Did you hear the one about Million Dollar Money Drop on Fox? The story has implications on how you should – or, in this case should not – run your social media contests.

On Monday December 20, Brittany Mayti and Gabe Okoye bet $800,000 on one answer. The question was ‘Which product was sold in stores first the MacIntosh computer, Post-it notes or the Sony Walkman?’ The couple chose Post-it notes and were informed the answer was incorrect. Soon after, they were eliminated from the game.

This is typical game show drama…except for one small problem – they actually gave the correct answer! For the next couple of days Fox issued denials and stood by their decision. Unfortunately, the power of the Internet prevailed and Fox was forced to admit they had made a mistake. Justice prevailed.

Except it didn’t. You would think the logical response would be for Fox to reinstate the couple on the game show at the point where the mistake was made. Give them their $800,000 and let them finish the contest.

If you thought that – you would be wrong. While Fox did admit their mistake – based on ‘new’ information – they decided that the couple would be invited back on a future episode to compete anew. They would have to start at the beginning with no credit being given for time served. As of this writing they have not decided to accept. (You can read the story here.)

There are several posts concerning this on the Fox website but the network is not involving itself in the discussion.

This was a huge tactical and PR error on Fox. The positive publicity they would have received for restoring the participants would have drawn huge ratings for a show that seems destined to become a television afterthought.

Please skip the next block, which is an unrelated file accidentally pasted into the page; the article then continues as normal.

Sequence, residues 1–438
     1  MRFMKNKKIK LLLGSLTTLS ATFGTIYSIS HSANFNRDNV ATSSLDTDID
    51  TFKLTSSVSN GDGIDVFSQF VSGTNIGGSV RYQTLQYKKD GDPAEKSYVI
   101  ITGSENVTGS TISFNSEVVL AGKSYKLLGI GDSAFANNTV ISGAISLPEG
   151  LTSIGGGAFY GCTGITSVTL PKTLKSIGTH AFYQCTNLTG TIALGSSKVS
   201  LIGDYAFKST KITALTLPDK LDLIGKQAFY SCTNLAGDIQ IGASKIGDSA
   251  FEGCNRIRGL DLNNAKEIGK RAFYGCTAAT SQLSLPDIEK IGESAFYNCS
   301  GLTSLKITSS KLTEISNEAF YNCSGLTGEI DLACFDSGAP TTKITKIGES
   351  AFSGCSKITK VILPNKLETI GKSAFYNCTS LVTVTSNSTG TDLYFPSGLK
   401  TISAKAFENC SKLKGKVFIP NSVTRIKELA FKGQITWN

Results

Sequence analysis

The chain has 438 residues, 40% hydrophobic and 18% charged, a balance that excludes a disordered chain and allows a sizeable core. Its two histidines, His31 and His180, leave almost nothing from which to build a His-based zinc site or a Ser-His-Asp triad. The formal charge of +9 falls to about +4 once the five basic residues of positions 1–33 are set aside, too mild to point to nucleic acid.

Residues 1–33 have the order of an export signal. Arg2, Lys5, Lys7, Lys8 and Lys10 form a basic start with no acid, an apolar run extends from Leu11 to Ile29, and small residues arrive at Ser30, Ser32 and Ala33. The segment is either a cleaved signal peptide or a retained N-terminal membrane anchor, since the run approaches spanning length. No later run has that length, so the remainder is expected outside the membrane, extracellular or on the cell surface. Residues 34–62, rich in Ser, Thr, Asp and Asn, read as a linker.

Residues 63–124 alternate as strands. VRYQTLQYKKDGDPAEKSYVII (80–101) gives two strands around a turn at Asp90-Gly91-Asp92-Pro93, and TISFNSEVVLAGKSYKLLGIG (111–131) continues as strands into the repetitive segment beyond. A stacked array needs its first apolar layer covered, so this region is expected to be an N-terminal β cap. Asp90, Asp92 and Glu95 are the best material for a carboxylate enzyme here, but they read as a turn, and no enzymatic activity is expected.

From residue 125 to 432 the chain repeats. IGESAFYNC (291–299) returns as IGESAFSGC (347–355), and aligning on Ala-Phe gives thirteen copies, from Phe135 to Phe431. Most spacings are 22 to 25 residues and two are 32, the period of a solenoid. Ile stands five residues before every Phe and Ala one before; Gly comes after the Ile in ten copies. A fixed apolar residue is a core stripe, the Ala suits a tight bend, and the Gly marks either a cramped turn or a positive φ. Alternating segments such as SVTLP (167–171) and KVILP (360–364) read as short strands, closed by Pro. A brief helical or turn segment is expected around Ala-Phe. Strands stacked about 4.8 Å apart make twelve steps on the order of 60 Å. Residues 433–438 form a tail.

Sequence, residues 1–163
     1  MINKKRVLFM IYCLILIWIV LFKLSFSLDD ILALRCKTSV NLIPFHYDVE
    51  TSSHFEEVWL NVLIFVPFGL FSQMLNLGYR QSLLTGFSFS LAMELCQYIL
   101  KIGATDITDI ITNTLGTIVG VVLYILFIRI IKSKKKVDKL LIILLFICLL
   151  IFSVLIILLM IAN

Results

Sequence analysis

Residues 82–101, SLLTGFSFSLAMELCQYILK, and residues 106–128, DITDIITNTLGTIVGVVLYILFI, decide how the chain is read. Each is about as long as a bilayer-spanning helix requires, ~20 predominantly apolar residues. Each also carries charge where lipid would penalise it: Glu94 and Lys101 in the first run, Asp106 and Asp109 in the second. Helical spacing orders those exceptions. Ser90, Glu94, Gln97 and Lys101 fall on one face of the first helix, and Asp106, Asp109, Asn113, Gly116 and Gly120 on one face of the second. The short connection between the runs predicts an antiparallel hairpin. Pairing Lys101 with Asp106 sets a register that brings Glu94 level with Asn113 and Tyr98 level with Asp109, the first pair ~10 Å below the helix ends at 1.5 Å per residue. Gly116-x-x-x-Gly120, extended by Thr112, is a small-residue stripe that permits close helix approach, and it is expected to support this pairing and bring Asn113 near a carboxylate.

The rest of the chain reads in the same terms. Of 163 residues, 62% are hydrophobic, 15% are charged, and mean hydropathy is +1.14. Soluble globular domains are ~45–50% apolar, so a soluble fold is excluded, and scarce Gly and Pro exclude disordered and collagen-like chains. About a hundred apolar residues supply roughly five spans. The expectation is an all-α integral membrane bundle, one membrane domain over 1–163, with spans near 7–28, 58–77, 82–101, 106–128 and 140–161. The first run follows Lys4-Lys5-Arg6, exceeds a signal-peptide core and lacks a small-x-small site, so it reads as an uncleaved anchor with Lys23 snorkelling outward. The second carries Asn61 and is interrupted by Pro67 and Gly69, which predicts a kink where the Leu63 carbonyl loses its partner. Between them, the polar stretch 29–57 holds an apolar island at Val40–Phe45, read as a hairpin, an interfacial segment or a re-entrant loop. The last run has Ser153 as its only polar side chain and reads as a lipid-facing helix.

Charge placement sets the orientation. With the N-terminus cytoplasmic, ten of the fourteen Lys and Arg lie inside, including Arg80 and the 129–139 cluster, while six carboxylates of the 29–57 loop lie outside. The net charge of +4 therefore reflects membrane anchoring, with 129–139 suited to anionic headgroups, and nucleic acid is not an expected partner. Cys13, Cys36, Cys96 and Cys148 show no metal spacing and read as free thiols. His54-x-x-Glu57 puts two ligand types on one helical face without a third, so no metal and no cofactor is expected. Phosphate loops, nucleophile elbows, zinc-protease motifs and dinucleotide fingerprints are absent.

What can be learned from this when conducting your social media contests? Plenty.

First, be very clear about the rules. Consult your legal representative to make sure all eligibility, participation and judgment parameters are covered. Post those rules on your web site or as a note on your Facebook page. You may not be able to cover every contingency. However, spelling out the contest methodology will assure your fans that it is legitimate and you are taking participation seriously.

Second, do your due diligence. This is especially true if you are conducting a contest that contains a level of subjective judging. If you are asking people to post ‘the most creative’ or ‘best’ something – you will need to spell out how those will be judged. If you are conducting a trivia contest quadruple check your answers through several sources.

Third, pay attention. As your contest unfolds watch how people are entering and commenting. Be prepared to answer legitimate questions that don’t violate the rules. While you cannot change the mechanics of the contest in mid-stream, you can gain valuable insight into how your audience is responding and what they are responding to.

Fourth, be transparent. This is probably the biggest takeaway from the Fox debacle. If you make a mistake – own up to it quickly. Respond honestly. And, above all else – do the right thing! How you treat one fan is how you treat all fans – in the mind of your fans. In the Fox situation, what has ‘saving’ that $800,000 cost them in negative publicity? Do you think the credibility of the show can ever be repaired?

Contesting works in driving participation. Social media contesting – when done correctly can add to your database and expand your followers. It is a great way to jump-start a twitter account or Facebook fan page. (Get more tips here).

Remember, while contesting is a powerful tool when done correctly. The goal is to reward your followers for participating. The onus is on you to make it work and add to your brand image. Fox has provided you with a valuable lesson in bad contesting. Use it to your advantage.

Your thoughts?

Author: Steve Allan, Social Media Specialist, SMThree